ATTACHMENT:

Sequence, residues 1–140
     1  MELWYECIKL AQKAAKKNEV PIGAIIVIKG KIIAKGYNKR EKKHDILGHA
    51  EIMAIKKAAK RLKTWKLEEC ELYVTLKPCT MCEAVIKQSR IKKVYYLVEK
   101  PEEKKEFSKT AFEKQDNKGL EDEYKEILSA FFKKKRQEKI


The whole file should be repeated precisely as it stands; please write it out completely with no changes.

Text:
Sequence, residues 1–140
     1  MELWYECIKL AQKAAKKNEV PIGAIIVIKG KIIAKGYNKR EKKHDILGHA
    51  EIMAIKKAAK RLKTWKLEEC ELYVTLKPCT MCEAVIKQSR IKKVYYLVEK
   101  PEEKKEFSKT AFEKQDNKGL EDEYKEILSA FFKKKRQEKI